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Teaching Teamwork: A Training Video Designed for Engineering Students

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Conference

2015 ASEE Annual Conference & Exposition

Location

Seattle, Washington

Publication Date

June 14, 2015

Start Date

June 14, 2015

End Date

June 17, 2015

ISBN

978-0-692-50180-1

ISSN

2153-5965

Conference Session

New Engineering Educators Division Technical Session 3

Tagged Division

New Engineering Educators

Tagged Topic

Diversity

Page Count

8

Page Numbers

26.1492.1 - 26.1492.8

DOI

10.18260/p.24829

Permanent URL

https://peer.asee.org/24829

Download Count

63

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Paper Authors

biography

Madeleine Arvold Seattle Pacific University

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Madeleine Arvold is a second year industrial-organizational psychology master's student at Seattle Pacific University. Madeleine is interested in organizational and team cultures, and particularly on the effects of those cultures on the attraction and retention of women in the technology industry.

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Steven David Mow Seattle Pacific University

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Steven D. Mow is and Industrial-Organizational Psychology M.A. student at Seattle Pacific University. He has four years of formal leadership and team development experience which he uses to influence and enrich his involvement with various training and development research based projects purposed to build effective and impactful teams and leaders.

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Zachary W. Cook Seattle Pacific University

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Zachary W. Cook is a master's student in Industrial-Organizational Psychology at Seattle Pacific University. He is passionate about developing people, and utilizing research based practices in this endeavor.

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Natalie Goode Seattle Pacific University

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Natalie Goode is a Master's student at Seattle Pacific University studying Industrial-Organizational Psychology.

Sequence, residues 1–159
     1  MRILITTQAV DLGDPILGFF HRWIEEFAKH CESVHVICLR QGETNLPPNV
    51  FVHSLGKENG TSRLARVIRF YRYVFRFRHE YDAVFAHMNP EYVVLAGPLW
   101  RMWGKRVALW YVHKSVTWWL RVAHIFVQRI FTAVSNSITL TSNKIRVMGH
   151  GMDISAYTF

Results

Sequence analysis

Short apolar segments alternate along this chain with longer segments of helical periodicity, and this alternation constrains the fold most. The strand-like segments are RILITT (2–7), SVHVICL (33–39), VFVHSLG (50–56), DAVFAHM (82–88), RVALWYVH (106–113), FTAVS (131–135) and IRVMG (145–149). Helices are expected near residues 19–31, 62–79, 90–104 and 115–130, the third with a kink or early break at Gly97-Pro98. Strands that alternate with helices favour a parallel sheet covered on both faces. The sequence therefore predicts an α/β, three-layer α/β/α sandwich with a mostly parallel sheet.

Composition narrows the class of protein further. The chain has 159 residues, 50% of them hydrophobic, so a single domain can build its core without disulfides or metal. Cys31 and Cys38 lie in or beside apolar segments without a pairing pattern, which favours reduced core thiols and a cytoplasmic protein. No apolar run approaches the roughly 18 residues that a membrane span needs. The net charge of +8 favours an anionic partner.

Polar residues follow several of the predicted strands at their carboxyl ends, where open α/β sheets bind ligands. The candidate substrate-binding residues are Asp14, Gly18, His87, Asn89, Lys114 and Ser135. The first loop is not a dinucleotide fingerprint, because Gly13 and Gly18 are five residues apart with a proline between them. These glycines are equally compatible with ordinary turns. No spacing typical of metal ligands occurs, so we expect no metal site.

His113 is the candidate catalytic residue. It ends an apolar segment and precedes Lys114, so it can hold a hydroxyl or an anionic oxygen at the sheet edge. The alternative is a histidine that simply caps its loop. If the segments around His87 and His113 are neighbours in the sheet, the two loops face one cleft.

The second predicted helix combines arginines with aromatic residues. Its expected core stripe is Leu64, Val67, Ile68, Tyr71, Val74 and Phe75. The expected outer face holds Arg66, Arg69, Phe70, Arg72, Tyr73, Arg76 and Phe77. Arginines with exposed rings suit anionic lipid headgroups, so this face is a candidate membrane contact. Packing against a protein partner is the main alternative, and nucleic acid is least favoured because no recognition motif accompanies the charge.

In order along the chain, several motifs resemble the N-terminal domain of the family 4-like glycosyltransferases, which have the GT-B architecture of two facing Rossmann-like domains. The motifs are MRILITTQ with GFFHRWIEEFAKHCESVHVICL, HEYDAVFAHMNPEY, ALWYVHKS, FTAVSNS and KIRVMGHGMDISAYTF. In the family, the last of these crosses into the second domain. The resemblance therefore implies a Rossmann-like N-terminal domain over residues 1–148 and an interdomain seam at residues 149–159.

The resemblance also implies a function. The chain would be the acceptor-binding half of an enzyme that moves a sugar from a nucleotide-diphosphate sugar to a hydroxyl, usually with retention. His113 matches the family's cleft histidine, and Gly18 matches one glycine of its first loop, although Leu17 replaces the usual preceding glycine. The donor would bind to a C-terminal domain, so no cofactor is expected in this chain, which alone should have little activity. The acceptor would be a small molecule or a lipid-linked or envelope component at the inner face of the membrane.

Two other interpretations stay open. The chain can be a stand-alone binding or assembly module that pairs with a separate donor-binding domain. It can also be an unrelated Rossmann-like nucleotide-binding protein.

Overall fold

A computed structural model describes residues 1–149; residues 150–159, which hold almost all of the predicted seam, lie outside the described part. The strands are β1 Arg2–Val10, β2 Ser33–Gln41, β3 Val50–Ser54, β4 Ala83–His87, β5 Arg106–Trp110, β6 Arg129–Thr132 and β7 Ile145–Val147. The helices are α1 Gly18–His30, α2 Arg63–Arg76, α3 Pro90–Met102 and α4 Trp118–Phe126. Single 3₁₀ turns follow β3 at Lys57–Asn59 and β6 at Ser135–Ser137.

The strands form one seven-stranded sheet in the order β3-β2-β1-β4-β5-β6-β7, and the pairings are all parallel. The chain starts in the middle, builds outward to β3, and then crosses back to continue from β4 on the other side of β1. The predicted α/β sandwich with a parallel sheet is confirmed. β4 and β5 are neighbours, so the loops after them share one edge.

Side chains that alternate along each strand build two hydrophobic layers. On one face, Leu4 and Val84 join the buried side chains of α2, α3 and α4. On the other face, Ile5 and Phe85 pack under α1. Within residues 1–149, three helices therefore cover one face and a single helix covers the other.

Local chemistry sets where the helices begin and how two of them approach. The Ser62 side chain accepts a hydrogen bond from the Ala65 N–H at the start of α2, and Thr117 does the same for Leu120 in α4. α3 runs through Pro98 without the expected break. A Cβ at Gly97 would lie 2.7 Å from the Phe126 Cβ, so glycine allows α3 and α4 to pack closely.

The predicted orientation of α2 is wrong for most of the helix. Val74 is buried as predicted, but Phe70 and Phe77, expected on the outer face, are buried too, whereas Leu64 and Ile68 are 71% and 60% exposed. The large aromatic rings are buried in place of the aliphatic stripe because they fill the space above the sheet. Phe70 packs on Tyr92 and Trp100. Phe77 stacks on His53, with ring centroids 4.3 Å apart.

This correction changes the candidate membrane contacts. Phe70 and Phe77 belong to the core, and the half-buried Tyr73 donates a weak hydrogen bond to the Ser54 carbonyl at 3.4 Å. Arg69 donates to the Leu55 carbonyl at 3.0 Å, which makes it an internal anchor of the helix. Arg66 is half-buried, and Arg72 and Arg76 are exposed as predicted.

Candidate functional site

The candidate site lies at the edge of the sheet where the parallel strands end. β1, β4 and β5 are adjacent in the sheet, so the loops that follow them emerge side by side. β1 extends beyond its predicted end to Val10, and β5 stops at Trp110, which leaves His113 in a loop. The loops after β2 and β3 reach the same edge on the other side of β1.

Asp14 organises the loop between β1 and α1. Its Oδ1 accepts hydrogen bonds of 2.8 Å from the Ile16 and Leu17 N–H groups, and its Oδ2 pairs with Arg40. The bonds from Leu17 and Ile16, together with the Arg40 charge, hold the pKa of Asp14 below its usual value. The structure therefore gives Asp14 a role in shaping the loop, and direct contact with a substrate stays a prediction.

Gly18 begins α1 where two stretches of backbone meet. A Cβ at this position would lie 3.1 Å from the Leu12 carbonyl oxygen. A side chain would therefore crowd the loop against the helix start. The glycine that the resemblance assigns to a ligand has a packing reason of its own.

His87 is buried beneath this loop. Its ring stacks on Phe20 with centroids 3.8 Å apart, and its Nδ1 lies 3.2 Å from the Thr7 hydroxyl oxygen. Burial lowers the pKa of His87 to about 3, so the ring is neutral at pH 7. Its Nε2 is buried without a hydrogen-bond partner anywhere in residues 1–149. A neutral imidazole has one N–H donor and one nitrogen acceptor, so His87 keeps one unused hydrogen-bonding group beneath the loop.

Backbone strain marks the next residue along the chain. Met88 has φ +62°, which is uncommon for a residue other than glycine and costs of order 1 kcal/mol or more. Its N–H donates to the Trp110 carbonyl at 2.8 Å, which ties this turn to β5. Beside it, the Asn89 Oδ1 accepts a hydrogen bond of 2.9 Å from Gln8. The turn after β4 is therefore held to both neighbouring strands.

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Caitlin H. Wasilewski Seattle Pacific University

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Caitlin H. Wasilewski is an Industrial-Organizational Psychology PhD student at Seattle Pacific University. During her graduate studies she has been involved in several research projects investigating students, faculty, and graduates of STEM disciplines with the goal of improving engagement and retention in these populations.

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Rida Y. Al-Hawaj Seattle Pacific University

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Rida Al-Hawaj is a master’s student at Seattle Pacific University. He is majored in Industrial-Organizational Psychology. He received his B.S in psychology from Portland State University. He got interested in the topic of “Educating Engineering Students on Effective Team Skills” because he started his academic journey by majoring in electrical engineering and faced many problems in teams because of the lack of team skills. In his spare time, he enjoys doing photography and learning new things. You can reach him at: alhawajr@spu.edu

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Melani Plett Seattle Pacific University

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Prof. Melani Plett is a Professor in Electrical Engineering at Seattle Pacific University. She has over seventeen years of experience in teaching a variety of engineering undergraduate students (freshman through senior) and has participated in several engineering education research projects, with a focus how faculty can best facilitate student learning.

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Abstract